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Ekim_Gram

SdlDotNet Appreciation Thread

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I'm overjoyed at how well the SdlDotNet API is coming along! It was only at the start of this summer that I had even heard of such a thing and after the past few weeks of fiddeling around with it (only slightly though) I must say that if this keeps progressing as it is, I may just completely switch from C++/SDL to C#/SdlDotNet. The wrappers that were created are absolutely wonderful, especially the TextSprite class to manipulate the SDL_FreeType/TrueType libraries. I'm just looking to see who else has been messing around with this (with Rob Loach as exception because he's a developer now) and I'd like to know everybody elses opinions. Although I'm taking a break from game programming and I'm trying out some 3D Modeling as well as doing some web development for a friend of mine, I am definately going to start work on another C#/SdlDotNet project. Since I'm still learning both, I'm thinking of creating a breakout clone that is complete with a level editor and a little (going to be my first) particle engine.

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SDL.NET is truly a great library. The only thing I dislike about it is the limitations provided by SDL [wink]. Jendave and I have been talking about the design and a lot is planned for the next major release. Is there anything you would have made said about it? Anything that it's missing?

Post some screenshots of what you've done with it, I'd be interested in seeing. This is a screenshot of a quick and dirty tile engine I put together using SDL.NET:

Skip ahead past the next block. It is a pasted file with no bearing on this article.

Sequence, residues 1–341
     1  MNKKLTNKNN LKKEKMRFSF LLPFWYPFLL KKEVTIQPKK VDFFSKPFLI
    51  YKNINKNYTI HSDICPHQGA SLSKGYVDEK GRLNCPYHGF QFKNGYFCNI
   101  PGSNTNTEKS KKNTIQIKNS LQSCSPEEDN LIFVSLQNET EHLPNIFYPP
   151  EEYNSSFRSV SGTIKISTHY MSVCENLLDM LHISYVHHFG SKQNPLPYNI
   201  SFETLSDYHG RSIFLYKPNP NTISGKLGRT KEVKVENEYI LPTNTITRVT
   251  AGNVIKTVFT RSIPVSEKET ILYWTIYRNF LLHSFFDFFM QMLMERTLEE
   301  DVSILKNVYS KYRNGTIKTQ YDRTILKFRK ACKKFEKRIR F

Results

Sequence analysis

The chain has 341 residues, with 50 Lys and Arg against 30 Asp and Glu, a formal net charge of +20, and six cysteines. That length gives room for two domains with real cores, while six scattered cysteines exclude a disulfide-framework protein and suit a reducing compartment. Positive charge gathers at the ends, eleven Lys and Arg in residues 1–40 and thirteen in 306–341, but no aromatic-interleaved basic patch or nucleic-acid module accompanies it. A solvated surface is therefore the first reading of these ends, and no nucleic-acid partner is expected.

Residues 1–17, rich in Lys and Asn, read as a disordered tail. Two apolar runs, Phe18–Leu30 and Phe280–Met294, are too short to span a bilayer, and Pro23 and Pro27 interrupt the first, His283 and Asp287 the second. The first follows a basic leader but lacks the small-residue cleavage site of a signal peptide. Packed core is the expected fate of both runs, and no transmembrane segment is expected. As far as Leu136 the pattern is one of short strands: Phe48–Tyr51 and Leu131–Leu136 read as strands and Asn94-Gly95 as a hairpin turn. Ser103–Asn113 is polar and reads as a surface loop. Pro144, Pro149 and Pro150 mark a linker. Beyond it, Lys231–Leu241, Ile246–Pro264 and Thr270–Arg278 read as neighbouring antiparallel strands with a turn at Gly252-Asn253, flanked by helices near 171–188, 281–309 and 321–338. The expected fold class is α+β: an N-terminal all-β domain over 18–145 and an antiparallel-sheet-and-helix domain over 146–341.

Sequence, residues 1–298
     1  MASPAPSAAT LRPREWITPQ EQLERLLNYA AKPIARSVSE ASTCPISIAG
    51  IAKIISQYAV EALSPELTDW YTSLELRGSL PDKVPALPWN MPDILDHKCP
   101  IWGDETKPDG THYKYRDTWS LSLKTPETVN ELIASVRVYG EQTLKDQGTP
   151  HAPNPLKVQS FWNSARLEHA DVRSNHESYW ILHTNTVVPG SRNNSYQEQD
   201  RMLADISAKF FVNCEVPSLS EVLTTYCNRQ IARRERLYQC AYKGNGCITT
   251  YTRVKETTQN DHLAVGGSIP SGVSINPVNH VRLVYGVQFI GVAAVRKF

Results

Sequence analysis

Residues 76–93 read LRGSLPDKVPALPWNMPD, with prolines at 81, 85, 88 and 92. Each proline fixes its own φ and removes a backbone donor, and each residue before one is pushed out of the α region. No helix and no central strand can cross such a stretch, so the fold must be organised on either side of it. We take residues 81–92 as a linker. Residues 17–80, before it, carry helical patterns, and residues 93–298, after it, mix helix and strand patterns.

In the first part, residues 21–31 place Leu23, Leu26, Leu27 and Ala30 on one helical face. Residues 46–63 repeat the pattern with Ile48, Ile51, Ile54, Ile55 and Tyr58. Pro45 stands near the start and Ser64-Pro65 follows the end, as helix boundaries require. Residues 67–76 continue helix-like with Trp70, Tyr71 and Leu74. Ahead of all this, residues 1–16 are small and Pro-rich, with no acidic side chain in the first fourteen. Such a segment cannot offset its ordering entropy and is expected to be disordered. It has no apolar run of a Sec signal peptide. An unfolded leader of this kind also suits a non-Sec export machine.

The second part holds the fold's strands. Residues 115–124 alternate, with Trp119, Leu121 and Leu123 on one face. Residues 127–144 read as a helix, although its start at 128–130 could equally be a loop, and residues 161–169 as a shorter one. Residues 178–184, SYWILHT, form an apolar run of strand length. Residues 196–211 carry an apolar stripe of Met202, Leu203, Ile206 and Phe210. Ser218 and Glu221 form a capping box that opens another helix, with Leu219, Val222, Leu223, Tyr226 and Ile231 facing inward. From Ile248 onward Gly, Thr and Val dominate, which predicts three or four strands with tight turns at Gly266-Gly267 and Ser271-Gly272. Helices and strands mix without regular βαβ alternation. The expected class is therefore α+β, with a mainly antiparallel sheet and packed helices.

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Thanks for the comments! Many thanks go to Rob for putting some much needed new blood into the project. The next release is shaping up to be a major one (maybe v 4.0 is more appropriate than a v3.2?).

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I remember there was one main issue I had with how SdlDotNet handled key presses; the problem came up while I was trying to familiarize myself with the basics.

The problem was with holding down the key. The following (crude) C++/SDL snippet allowed movement of an object with ease:


...
Uint8 *keys;
...
keys = SDL_GetKeyState(NULL);

if (!paused)
{
if (keys[SDLK_UP])
Object.AddY(2);
}




That's all good and down, you can hold the UP arrow on the keyboard and the object will keep moving up the Y-axis until it hits the boundaries or something. But in C#/SDL.NET I have to use the following:


// delegates for the keypresses
Events.KeyboardDown += new KeyboardEventHandler(Keyboard);
Events.KeyboardUp += new KeyboardEventHandler(Keyboard);

// Keyboard delegate
private void Keyboard(object sender, KeyboardEventArgs e)
{
switch (e.Key)
{
case Key.UpArrow:
Object.up = e.Down;
break;
}
}

private void UpdateGameWorld()
{
if (Object.up == true)
Object.MoveUp(3);
}




It's a little bit more to type and having a number of bools declared for each object that can be moved, that can get a little sloppy and cumbersome. Maybe I'm just going about this the wrong way, but this is what I saw in that little bomb gmae thing in the demo that was zipped along with the rest of the SDL.NET stuff.

If there's another way to go about this, please, let me know. It'd be much appreciated. [smile]

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There's a wrapper function in SDL.NET that does exactly what you posted in C [smile]:
if( SdlDotNet.Keyboard.IsKeyPressed(SdlDotNet.Key.UpArrow) )
// do stuff.
Although, it is much better to use events rather then straight function calls (faster and better memory management).

But getting the current keystate in an array would be great. I think it would be something like this:

		/// <summary>
/// Gets an array of the current status of the keyboard.
/// </summary>
/// <returns>An array filled with boolean values determining the state of each key.</returns>
public static bool[] GetKeyState()
{
int numberOfKeys;
byte[] keys;
keys = Sdl.SDL_GetKeyState(out numberOfKeys);
bool[] keystates = new bool[numberOfKeys];
for(int key = 0; key < numberOfKeys; key++)
keystates[key] = (keys[key] == 1);
return keystates;
}

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